American universities were a battleground. Long before the protests of the 1960s, the CIA and FBI were focusing intently upon academia, both in looking for threatening activists and for potential recruits. The CIA was also interested in shaping academia and its influence. The CIA used its funds to promote particular artists, writers, and thinkers. Some professors were even spymasters.

This was the world that Walter J. Ong entered. There is no evidence that he knew about any of it, but it certainly shaped everything around him. The US government understood that ideas had power. Lillian Smith wasn’t part of that Cold War academic world, but she did have a 134 page FBI file. She was considered dangerous because she wielded ideas to promote change and all change was deemed dangerous to those in power.

The mid-twentieth century was a time when liberalism, both as a liberal ideology and liberal arts, was simultaneously striving and constrained. It was being carried along by far greater historical and political forces.

* * * *

Killers of the Dream
by Lillian Smith
Foreword (1961)
pp. 15-17

And its relevance for this hour we are living in astonishes me. For what was based on intuition, on a kind of prophetic guess, is now boldly actin itself out on a world-size stage. I had felt the curve of approaching events but I could only warn, I could not prove. And now here it is: the new African nations, the hatred of colonialism, and the Communists’ shrewd exploitation of this word so fatefully tied to “the white man” and to Western democracy—and to everyone’s future.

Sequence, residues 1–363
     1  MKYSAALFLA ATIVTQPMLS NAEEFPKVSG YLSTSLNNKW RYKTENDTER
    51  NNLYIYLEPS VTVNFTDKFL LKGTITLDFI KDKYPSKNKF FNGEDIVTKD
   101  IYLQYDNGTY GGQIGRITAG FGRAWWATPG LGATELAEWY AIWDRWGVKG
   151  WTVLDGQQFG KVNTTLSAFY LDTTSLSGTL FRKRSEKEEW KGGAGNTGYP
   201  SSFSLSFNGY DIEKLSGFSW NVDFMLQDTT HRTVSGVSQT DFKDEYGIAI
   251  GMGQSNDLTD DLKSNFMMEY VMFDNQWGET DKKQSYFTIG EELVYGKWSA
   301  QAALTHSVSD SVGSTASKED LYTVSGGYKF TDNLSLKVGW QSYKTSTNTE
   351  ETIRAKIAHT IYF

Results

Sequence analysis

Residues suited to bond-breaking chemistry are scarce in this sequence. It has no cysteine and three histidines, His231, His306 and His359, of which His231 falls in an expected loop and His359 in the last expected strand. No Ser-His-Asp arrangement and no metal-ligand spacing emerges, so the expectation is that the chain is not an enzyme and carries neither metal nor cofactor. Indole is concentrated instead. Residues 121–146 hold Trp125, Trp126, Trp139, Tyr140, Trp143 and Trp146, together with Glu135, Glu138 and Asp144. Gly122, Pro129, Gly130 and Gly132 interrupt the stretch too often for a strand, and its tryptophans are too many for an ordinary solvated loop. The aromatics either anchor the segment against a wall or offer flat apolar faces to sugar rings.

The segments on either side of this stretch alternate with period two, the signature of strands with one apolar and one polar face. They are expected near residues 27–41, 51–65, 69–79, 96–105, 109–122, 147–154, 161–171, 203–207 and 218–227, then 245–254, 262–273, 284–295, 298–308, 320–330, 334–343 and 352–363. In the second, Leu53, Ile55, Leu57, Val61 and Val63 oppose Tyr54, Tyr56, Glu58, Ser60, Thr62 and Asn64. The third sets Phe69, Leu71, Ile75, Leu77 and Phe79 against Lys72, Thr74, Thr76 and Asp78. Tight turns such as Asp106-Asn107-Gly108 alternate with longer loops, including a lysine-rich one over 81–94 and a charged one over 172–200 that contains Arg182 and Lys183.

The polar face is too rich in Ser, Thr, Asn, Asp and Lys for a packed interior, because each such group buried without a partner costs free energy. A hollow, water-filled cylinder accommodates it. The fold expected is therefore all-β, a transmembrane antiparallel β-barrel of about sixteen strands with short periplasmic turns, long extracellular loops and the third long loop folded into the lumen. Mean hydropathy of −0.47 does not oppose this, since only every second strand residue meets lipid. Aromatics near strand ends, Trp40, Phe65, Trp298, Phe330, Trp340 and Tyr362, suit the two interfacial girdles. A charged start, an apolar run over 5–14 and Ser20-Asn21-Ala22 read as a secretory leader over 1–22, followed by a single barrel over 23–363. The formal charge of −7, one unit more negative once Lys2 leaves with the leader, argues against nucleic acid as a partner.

When I wrote those chapters I was afraid—I am more afraid, today—that we may not break our bondage to past errors in time to win the confidence of young nations who need our help. And whom we desperately need. I watched with a sense of horror—I am still watching—the hands of the Southern clock (and the American clock) move with the death-slowness while the world clock speeds along as if stuffed with the energy of a rocket.

And now, there is Cuba. Ninety miles away, a Communist government. How could it have happened! Why are we so blind to each disaster as it begins slowly, slowly, and then rushes toward us! Is it complacency? But what causes this kind of complacency, so unreal, so without substance? Why are we suppressing anxiety, denying danger? Why apathy—when we desperately need moral energy? Why flabby spirits when we need iron strength?